And Christian usually does better with younger or older people than people his own age (except his best friend, who doesn’t notice his quirks because she has Tourette’s…).

    Another thing to remember about Aspy kids is that they can’t lie. What I said about manipulation earlier doens’t apply here. They aren’t capable of it. He is being direct with you, and he may honestly not perceive that you are paying attention to him because he has different definitions for what that is. Christian is terribly apologetic thought, and if I correct an assumption like that, he backs down quickly. But they simply are not capable of lying. So, I would simply take everything at face value and just give him a straight answer for every question.

    “The kind of physical touching that you see as hitting is really a soft pat, and some people give those kinds of pats and touches, which seem to resemble spanks, as a sign of affection, and other people enjoy receiving them as signs of affection too. You notice that the touch doesn’t make a sound, it doesn’t hurt the children, and they don’t cry or get upset. That is how we know that it is not a punishment or a spank or a hit, but instead, it is a love pat.”

    Just give him a rational answer. He is genuinely curious. He just doesn’t get it. Same with the kissing. And give him YOUR interpretation of attention, and ask him what HIS is.

    Interesting and funny little kid. They CAN drive you batshit though!

    Comment by jen-o-rama | February 21, 2006 | Reply

  5. MrsA: Sam’s mum is very cool. I like her a lot. Still, it’s unnerving. What if he says something like “Mary hits the little kids at her house a lot” in front of someone who takes him literally? I am seriously considering not taking him on next year, because a child who runs around saying stuff like this is a genuine threat to my livelihood.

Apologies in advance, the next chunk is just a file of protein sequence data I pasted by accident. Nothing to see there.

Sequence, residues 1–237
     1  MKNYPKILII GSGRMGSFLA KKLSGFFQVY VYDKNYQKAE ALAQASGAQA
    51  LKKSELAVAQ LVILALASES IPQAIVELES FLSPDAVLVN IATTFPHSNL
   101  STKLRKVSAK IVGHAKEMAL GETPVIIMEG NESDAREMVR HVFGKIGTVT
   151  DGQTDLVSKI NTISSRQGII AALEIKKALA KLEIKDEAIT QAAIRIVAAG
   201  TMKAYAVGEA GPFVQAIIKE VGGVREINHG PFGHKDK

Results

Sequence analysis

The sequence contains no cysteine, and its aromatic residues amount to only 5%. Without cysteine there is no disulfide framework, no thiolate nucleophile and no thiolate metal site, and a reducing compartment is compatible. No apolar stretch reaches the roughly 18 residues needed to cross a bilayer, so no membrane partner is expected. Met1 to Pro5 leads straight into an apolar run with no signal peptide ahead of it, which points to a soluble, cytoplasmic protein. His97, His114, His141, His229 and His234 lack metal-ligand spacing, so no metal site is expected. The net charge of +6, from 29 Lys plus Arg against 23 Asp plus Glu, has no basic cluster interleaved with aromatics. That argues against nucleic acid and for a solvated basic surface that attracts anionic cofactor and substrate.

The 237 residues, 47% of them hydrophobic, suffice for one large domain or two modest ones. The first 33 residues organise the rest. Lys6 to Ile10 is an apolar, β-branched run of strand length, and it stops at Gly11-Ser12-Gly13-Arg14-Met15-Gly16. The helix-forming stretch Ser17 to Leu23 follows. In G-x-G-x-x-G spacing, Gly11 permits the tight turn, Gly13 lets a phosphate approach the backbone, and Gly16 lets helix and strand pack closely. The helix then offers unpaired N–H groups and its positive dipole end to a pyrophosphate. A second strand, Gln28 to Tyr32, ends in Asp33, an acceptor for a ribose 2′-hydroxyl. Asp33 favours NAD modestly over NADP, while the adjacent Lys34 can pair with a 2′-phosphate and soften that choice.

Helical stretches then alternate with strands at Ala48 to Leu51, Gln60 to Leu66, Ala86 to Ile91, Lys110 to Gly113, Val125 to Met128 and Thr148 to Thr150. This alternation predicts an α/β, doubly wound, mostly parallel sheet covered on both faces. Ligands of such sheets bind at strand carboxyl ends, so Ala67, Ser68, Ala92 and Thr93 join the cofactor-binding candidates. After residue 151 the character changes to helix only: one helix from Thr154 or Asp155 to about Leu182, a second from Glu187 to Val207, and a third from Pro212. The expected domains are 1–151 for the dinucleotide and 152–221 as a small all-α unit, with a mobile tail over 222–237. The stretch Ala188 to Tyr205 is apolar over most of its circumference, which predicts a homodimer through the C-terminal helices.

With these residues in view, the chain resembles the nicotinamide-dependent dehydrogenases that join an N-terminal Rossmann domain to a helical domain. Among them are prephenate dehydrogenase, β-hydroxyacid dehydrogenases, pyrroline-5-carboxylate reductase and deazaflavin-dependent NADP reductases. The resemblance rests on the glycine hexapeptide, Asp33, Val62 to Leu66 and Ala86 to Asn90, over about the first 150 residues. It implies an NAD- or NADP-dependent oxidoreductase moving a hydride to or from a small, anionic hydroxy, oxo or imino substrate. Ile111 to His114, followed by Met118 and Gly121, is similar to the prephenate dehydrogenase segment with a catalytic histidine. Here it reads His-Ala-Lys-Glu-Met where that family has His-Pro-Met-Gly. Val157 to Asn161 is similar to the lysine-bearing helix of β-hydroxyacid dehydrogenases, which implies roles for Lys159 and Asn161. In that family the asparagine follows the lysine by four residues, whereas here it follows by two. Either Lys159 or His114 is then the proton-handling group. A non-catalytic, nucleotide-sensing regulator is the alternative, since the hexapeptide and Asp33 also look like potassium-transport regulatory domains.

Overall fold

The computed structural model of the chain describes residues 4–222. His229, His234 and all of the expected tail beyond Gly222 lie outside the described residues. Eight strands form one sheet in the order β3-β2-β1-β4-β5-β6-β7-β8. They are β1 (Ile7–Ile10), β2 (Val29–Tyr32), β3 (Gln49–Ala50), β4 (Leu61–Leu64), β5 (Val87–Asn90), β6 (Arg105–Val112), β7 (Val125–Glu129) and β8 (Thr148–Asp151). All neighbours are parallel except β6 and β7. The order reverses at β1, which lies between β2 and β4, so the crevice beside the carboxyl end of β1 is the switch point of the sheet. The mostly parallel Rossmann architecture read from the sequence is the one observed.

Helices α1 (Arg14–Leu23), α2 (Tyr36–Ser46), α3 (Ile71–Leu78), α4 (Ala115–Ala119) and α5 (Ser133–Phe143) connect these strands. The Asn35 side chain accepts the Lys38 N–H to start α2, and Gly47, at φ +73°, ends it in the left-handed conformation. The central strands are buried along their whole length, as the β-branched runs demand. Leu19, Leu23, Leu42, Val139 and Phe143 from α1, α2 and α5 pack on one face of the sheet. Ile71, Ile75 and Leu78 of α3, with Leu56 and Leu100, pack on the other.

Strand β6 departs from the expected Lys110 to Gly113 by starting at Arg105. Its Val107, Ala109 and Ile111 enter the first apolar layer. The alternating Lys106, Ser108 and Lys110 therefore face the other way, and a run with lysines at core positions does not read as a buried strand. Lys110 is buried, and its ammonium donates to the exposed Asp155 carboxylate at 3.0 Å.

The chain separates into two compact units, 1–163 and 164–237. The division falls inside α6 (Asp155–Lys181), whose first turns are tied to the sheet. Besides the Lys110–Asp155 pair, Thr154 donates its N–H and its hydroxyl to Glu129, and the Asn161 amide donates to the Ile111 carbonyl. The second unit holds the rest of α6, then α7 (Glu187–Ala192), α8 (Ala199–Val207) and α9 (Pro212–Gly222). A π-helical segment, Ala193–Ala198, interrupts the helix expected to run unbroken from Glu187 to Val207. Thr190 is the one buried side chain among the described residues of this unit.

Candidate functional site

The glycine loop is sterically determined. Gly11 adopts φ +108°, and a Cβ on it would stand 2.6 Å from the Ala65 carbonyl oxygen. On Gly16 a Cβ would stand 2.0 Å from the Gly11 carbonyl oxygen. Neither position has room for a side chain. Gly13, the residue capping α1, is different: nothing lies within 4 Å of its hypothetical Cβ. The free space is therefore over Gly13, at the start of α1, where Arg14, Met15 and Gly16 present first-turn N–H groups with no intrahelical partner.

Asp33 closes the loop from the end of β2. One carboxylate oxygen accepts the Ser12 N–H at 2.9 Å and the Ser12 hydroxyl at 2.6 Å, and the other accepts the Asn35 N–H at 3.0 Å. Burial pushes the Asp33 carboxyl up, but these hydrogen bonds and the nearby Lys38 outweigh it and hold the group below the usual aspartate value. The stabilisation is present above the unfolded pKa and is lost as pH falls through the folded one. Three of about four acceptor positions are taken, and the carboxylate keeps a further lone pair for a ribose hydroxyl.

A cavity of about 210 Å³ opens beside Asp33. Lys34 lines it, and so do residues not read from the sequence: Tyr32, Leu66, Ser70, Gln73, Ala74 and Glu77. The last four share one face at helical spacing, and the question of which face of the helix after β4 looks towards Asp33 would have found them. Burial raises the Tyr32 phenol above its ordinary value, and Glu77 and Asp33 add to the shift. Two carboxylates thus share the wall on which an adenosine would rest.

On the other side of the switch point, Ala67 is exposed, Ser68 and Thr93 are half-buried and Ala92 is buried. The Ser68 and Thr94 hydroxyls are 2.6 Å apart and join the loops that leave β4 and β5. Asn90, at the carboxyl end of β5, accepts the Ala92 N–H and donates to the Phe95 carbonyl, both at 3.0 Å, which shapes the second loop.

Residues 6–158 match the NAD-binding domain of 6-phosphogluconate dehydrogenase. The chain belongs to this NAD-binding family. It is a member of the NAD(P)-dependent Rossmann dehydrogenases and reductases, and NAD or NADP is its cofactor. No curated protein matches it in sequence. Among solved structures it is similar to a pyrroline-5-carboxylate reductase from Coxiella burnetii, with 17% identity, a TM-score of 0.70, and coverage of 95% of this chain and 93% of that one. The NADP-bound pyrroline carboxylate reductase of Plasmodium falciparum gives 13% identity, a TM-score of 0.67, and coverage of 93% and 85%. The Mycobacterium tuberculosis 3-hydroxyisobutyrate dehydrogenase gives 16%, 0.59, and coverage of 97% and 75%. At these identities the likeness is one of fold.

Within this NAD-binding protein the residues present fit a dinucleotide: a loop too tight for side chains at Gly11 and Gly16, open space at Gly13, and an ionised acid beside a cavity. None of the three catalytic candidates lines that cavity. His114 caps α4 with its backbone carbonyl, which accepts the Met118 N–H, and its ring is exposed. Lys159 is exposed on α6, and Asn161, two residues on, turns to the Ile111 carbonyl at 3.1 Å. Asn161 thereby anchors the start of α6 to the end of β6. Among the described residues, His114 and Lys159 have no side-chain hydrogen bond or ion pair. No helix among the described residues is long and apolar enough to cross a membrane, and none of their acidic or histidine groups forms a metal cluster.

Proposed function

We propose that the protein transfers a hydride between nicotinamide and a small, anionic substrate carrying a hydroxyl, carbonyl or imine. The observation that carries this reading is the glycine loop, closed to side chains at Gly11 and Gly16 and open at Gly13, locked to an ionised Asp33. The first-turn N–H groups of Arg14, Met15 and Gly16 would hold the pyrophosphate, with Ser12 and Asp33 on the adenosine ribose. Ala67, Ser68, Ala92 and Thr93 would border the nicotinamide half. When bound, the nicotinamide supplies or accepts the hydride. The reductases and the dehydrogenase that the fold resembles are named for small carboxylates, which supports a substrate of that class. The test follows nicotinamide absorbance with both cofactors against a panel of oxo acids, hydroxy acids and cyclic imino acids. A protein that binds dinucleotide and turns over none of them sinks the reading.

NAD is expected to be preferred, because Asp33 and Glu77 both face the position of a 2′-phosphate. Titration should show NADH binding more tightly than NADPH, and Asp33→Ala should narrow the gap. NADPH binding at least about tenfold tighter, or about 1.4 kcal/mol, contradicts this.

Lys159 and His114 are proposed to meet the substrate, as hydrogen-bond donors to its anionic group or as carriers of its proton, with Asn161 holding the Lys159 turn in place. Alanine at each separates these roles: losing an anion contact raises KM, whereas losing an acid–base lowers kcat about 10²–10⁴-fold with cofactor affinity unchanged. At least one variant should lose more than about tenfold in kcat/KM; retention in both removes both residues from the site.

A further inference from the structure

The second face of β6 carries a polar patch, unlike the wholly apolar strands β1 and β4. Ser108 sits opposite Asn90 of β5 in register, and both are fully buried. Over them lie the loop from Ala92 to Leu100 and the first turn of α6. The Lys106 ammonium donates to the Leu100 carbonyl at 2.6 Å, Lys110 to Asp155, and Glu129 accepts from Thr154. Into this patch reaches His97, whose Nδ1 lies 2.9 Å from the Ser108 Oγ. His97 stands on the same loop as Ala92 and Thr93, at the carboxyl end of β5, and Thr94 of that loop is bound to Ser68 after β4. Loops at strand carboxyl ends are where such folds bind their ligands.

Stefanierj: He talks very little about his parents, in fact. Mostly he talks about what is right in front of him.

    And that poor dad! It’s just one of those rites of parenthood, though: which of our children hasn’t embarrassed us publicly at one time or another? Which is why, of course, we take such delight in embarrassing them when they’re teens. [evil grin]

    otrgirl: Hello, and welcome! I know those comments are innocent; his parents, thankfully, know it too. It’s the other people I worry about…

    He’s definitely obsessed with routine and ritual. In fact, he actively creates ritual. One day when I knew I’d be out when Sam arrived, I ran through his rituals with my husband so he’d know the appropriate responses. I worried that Sam would be thrown by having a different person there. He has, of course, met my husband, and, since Husband knew all the right things to say when Sam arrived, Sam was absolutely fine with this last-minute change. Cute!

    Jen: That’s good input. I will start making sure I put these social physical cues in context for the boy, so he understands in very specific and concrete terms what’s going on. So he probably genuinely doesn’t understand the “communication” of a pat on the diaper? That’s interesting.

    Find out what his definition of “attention” is. Good idea. I can do that!

    Thank you.

    I laughed out loud at your last line. Yes, I quite like the boy. Yes, he’s funny and smart and entertaining. And yes, sometimes he absolutely does drive me batshit!! πŸ˜€

    Comment by Mary P. | February 21, 2006 | Reply

Leave a Reply

Fill in your details below or click an icon to log in: Logo

You are commenting using your account. Log Out /  Change )

Facebook photo

You are commenting using your Facebook account. Log Out /  Change )

Connecting to %s

%d bloggers like this: